The Positive Economics of Cogeneration

December 14, 2015 By Carl Weinschenk

cogenerationCombined Heat and Power (CHP) – cogeneration – makes intuitive sense. The progress it is making in the marketplace isn’t solely due to building owners’ and managers’ gut feelings, however. It is based on a hard dollars and cents assessment by building owners and managers.

By all accounts, the approach is gaining mainstream acceptance, as discussed a couple of weeks ago in a post at Energy Manager Today. A good example of the gradually higher profile of cogeneration is enjoying is a project near the historic and classy Rittenhouse Square in Philadelphia. Last week, Tecogen said that three of its CM-75 CHP modules will be used to retrofit a mixed-use but primarily residential building near in that neighborhood with CHP.

The building is 26 floors and consists of residential units, commercial space and a fitness center. The cost of the CHP system will be about half of what legacy approaches typically cost for that space profile, Tecogen estimates. The company says that its Ultera emissions control system will keep harmful carbon, mono-nitrogen oxides NO and NO₂ emissions to near-zero levels, according to the company.

There are significant variables, so whether cogeneration makes financial sense is must be determined on a case-by-case basis. “The costs vary,” Tecogen President and Chief Operating Officer Robert Panora told Energy Manager Today. He said that the price of electricity, which he said will continue to accelerate, generally leads customers to listen to the benefits and cost points of CHP.

This opens to the door. While cogeneration is understood to be a less expensive approach, building owners are anxious to hear how it will impact their specific use case, Panora wrote. “Depending on the heating design (steam vs. hydronic), the fuel source (gas vs. oil), and the age/efficiency of the legacy heating equipment, the savings on the heating side can vary substantially.”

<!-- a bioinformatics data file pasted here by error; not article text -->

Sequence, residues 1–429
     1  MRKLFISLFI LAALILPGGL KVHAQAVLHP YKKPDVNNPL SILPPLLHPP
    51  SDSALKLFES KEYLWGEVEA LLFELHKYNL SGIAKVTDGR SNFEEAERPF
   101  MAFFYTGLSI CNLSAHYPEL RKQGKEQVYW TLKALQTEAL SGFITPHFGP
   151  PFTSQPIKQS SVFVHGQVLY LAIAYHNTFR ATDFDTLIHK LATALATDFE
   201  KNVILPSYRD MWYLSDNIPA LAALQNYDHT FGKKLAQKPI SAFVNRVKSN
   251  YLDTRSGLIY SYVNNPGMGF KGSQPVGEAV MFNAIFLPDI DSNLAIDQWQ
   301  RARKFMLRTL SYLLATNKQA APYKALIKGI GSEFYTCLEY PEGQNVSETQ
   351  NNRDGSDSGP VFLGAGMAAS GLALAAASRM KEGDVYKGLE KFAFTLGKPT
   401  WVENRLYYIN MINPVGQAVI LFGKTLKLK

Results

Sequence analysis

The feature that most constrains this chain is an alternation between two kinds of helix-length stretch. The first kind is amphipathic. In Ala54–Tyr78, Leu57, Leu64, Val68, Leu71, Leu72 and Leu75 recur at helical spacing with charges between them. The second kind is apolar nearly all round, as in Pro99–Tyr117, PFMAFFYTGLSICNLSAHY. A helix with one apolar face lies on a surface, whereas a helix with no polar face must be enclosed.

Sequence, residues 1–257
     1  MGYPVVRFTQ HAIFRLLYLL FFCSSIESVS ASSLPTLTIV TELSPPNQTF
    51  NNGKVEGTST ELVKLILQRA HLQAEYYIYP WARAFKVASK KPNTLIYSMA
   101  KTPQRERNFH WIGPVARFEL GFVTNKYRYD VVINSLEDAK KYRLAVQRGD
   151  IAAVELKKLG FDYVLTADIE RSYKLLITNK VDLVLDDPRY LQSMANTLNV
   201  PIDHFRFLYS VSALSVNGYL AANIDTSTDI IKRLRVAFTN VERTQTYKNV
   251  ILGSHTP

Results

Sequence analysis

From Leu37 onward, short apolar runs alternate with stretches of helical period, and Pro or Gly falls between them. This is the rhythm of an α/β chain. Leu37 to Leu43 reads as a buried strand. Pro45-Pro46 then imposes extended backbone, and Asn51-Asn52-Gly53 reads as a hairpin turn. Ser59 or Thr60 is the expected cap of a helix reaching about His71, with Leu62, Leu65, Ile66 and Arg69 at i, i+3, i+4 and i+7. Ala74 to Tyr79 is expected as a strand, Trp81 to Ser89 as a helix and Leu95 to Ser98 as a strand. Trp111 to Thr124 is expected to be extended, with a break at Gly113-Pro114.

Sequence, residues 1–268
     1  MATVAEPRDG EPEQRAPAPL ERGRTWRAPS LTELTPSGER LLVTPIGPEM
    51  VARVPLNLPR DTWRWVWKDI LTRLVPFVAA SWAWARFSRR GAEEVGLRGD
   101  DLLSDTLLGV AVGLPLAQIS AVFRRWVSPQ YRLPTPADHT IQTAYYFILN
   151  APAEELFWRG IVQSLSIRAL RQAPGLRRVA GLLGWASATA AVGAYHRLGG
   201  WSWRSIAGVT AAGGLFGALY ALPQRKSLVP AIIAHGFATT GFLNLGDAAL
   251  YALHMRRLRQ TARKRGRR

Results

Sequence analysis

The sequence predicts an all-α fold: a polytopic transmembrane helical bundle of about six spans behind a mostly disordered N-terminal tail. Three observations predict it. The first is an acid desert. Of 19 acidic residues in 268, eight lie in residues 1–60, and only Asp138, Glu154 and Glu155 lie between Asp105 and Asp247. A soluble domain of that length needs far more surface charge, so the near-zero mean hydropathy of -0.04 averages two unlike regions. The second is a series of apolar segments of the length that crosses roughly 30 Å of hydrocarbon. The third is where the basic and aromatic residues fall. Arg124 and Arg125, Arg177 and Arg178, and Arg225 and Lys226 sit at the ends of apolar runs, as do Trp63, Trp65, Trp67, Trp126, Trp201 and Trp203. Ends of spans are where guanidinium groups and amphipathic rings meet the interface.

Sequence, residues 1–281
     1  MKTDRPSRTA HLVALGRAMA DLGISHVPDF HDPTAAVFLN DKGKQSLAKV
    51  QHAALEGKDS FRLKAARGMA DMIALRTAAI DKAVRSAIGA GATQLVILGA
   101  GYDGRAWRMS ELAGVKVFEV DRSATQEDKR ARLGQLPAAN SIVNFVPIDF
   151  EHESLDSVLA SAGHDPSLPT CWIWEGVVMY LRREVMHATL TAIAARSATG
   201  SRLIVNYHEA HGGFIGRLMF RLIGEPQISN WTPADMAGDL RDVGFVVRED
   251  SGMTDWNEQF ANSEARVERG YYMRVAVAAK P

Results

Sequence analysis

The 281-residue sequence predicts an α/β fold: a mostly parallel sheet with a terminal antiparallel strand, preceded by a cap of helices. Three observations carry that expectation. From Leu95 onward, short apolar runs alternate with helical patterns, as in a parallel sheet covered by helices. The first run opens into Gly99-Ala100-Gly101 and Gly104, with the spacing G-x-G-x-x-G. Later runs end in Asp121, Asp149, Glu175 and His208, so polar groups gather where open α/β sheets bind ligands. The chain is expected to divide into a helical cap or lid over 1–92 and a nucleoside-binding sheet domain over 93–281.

The comparison can be stark in the case of buildings with aging equipment. “In the case of the most recent Philadelphia order, we are displacing older, less efficient natural gas boilers with the heat from the CHP system,” Panora wrote. “Additionally, in Philadelphia, cogeneration technology has the added benefit of being separately metered at a discounted rate over natural gas prices for traditional applications. The true value of a CHP installation is in the long term savings the equipment provides by more efficiently producing heating and cooling and reducing a customer’s electric bill – legacy equipment that plugs into the grid cannot compete on that front.”

Panora said that Tecogen’s average payback is two to five years. The economics are an attraction to building owners and operators, especially when they are educated on the innovation upon which CHP is based. “Once you get customers to realize that the waste heat generated when the system produces electricity can be recycled back into their system to produce heating and domestic hot water, a lightbulb goes on and you can tell they have realized they are getting two for the price of one.”

This light bulb sometimes is made brighter by the largess of the local utilities. In Philadelphia, Panora wrote, the building will get a $0.05 rebate per kWh under Philadelphia Gas Works’ Energy Sense program. The prerequisite for participation, he said, is use of equipment that has thermal efficiency of more than 85 percent.

Funding help, in the form of rebates and incentives, also is available at the federal and state levels. For instance, the state of Maryland hopes to encourage CHP. The state’s Maryland Energy Administration CHP grant program offers as much as $425 per kW to $575 per kW based on the size of the system. The cap is $500,000 on grants for projects, which must are limited to industrial and critical infrastructure care facilities, including healthcare, wastewater treatment and essential state and local government facilities, according to the MEA.

Another recent cogeneration retrofit of note is at The Ronald McDonald House on the upper east side of Manhattan. A detailed story at Contractor says that the developers faced the choice of deploying a cogeneration system that utilized the existing boiler and chiller or transitioning to a completely new system. The choice was made to do a full changeout, which extended the payback three years to ten or 11 years, the story said.

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